jump to navigation

Schaffer on Machine Philosophy, Pt. 5b: Automata and the Enlightenment December 13, 2014

Posted by Will Thomas in Schaffer Oeuvre.
Tags: , , , , , , , , , , , , , , , , , ,
1 comment so far

This post concludes my look at Simon Schaffer, “Enlightened Automata” in The Sciences in Enlightened Europe, edited by William Clark, Jan Golinski, and Schaffer (Chicago University Press, 1999).

As detailed in previous posts, Schaffer’s interest in 18th-century automata in this piece is mainly a means of making larger points about the intellectual culture of the Enlightenment, and its links to an emerging economic order of industrialism and managerialism. In doing so, he contributes an interpretive gloss that joins an existing general historiography of Enlightenment ideology, with a historiography of the automaton creations of such figures as Jacques de Vaucanson (1709–1782), Pierre Jaquet-Droz (1721–1790), and John-Joseph Merlin (1735–1803). This post discusses this second facet of the history.

For Schaffer, the key questions are: 1) what interests did automata engage, allowing them to proliferate as objects of display and fascination? and 2) in what ways did they speak to the concerns of philosophers and other commentators of the period, making them into salient metaphors and objects of intellectual reflection?



Schaffer Summarized May 27, 2013

Posted by Will Thomas in Schaffer Oeuvre.
Tags: , , ,

Discussion of this early-’80s vintage video follows below the fold.

Between 2008 and 2010, I wrote a large series of posts looking at Simon Schaffer’s oeuvre, from his earliest publications in the late 1970s to articles published in the early-to-mid ’90s, with the idea of being as comprehensive as practically possible. I picked Schaffer’s work for the experiment basically because he’s a famous historian, and I’d met him a couple of times, and, like most people who meet him, I found him very engaging.


Schaffer on Bodies, Evidence, and Objectivity February 21, 2010

Posted by Will Thomas in Schaffer Oeuvre.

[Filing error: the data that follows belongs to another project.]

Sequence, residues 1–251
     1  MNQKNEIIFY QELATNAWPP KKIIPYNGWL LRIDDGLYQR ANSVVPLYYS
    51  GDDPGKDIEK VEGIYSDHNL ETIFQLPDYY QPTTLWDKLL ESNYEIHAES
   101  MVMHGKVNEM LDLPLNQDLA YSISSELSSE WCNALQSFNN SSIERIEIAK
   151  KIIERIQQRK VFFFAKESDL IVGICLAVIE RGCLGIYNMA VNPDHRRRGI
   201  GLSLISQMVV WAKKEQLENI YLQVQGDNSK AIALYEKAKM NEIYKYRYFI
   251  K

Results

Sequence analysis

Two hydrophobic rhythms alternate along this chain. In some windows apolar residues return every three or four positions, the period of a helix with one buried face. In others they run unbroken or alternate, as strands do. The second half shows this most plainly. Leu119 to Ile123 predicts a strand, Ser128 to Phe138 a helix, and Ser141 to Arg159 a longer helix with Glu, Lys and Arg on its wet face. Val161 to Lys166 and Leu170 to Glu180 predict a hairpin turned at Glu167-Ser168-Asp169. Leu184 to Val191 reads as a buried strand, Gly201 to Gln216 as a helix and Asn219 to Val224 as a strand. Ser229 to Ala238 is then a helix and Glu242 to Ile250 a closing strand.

Tags: , , , , , , ,
1 comment so far

Bodies of evidence: frontispiece of Nollet’s Essai sur l’electricité des corps

In 1983’s “Natural Philosophy and Public Spectacle in the Eighteenth Century,” Simon Schaffer set himself the task of determining whether “some of the more fashionable themes in current historiography” could be made to yield real explanatory gains.  Among these themes was “the notion of scientific production as performance”.  The gist of that piece was that natural philosophical arguments, as illustrated through public demonstration, had trouble fostering social agreement because of the requirement that the audience be able to interpret the performance and its implications correctly.  Here was a tension that, especially when connected to the social and political dangers of rationalist Jacobin politics, could help explain the nineteenth-century rise of contained scientific communities.

Much of Schaffer’s output in the 1980s and early 1990s filled out various instances where natural knowledge was linked to problems of maintaining proper behavior, and, thus, political order.  He especially concentrated on the cases of pneumatics (and the related practice of eudiometry), and cometography.  He also highlighted pointed criticisms of the idea that experimentally-gained knowledge could solve problems of social order, particularly those of Hobbes, Burke, and Whewell.

“Self Evidence,” Critical Inquiry 18 (1992): 327-362 returns us to 1983’s general point—the problematic relationship between experimental evidence and its implications for knowledge—and returns to some of the same electrical experimenters.  There is however a new wrinkle: the emphasis now is on self-experimentation and the difficulties of evidence produced specifically through the experimenter’s body.  How could a savant or an audience trust in reports of the medical benefits of electrical therapy, for example?  Accordingly, Schaffer does not point to the rise of the contained community.  Instead the consequence of the identified tension is the rise of mechanical instrumentation designed to measure physiological effects.  “The lesson of the story of self-evidence may … be that there is an intimate relationship between the trust placed in evidence of self-registering scientific instrumentation and the moral authority of the scientific intellectual” (362). (more…)